Any social setting has some unspoken rules to follow; the same is true for boating. When you’re out on the water, you may come across other boaters, and to respect others in the same space, you should know the proper boating etiquette.
Though these rules aren’t taught in any official course – social rules rarely are! – you should remember them when you head out onto the water.
Stay Aware of Your Surroundings
Just as you’d stay aware of your position on the road while driving, you must keep an eye on your environment while boating. Watch out for other boats around you and any potential hazards. Avoid creating a wake that could disturb others, and keep a safe distance from the people around you.
Mind Your Speed
It goes without saying that you should control the speed at which your boat is moving. In no-wake zones, be very careful to slow down, but even outside of these areas, don’t go so fast that your wake disturbs others.
Be sensible about your speed in crowded areas and different water conditions.
Control Noise Levels
Noise can be disturbing for other boaters in the area, as well as the wildlife. Though playing music loudly as you enjoy your time on the water may be tempting, this can be bothersome for others around you. Keep your noise levels low and maintain peace so everyone can have an enjoyable experience.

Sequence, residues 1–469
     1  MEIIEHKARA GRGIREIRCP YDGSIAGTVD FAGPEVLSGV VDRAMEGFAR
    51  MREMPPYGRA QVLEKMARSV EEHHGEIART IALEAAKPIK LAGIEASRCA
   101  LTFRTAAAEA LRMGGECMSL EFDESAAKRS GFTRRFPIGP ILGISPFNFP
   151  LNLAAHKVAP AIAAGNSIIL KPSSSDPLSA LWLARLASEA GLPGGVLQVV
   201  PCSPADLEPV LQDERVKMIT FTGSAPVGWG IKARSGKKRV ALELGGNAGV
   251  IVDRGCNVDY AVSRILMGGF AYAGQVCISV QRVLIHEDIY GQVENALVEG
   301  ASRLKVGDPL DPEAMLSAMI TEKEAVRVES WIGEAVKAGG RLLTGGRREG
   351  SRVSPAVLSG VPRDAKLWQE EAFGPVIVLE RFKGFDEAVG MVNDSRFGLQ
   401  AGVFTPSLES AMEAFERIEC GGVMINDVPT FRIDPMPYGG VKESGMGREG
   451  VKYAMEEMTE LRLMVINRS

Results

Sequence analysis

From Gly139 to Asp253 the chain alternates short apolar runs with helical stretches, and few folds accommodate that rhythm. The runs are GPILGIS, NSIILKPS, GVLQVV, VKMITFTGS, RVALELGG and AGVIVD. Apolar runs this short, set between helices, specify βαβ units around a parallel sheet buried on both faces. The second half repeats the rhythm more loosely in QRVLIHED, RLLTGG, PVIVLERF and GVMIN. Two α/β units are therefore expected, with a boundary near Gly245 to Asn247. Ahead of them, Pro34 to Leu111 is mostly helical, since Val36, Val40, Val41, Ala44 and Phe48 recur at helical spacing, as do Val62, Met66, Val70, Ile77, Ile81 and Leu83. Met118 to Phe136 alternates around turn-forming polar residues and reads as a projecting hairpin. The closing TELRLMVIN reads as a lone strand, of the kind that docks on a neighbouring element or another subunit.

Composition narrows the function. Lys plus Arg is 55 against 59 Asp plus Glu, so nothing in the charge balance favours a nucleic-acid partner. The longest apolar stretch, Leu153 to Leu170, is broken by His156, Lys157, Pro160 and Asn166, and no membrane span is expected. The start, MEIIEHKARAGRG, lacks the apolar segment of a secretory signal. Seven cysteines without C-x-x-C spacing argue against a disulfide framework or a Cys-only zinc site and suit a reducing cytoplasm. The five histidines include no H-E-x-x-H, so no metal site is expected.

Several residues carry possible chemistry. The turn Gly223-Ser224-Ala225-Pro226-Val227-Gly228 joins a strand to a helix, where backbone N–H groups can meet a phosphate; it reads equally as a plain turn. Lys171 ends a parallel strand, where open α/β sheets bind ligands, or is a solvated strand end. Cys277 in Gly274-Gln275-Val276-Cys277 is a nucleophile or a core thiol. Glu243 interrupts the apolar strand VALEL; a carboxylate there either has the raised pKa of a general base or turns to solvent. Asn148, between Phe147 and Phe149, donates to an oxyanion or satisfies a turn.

Respect The Environment
Remember that the water is not your domain. It is home to many different types of wildlife and diverse ecosystems, and you should respect them as a ‘visitor’ to their space. Don’t litter or toss your trash into the water, and avoid approaching any of the wildlife. Not only could you possibly harm them, they could also harm you. Different areas have different guidelines around acceptable behavior. These are often curated based on the kind of living organisms found there and how to protect them, so make sure to follow these rules.
Communicate With Others
Of course, be respectful and polite when you communicate with others around you. Boating etiquette usually includes using hand signals and non-verbal communication to talk to other boaters. Because there will usually be some distance between you and others, using these signals lets you avoid shouting and disturbing the wildlife.
Make sure you communicate your boating intentions clearly before making sudden moves. When others are surprised, they may not be able to steer away in time, and you may collide.
Stay On Course
Of course, when you’re on a boat, always stay on course. You don’t want to make sudden turns or maneuvers that could endanger others around you.
If you notice someone around you in any trouble, extend a hand! Even if they don’t ask for help, offering it will let them know someone has their back. The water can quickly become dangerous for even the most experienced boaters, so it’s always good to be in a space where people are willing to help each other.
Following these simple rules ensures you and everyone else on the water have an enjoyable experience.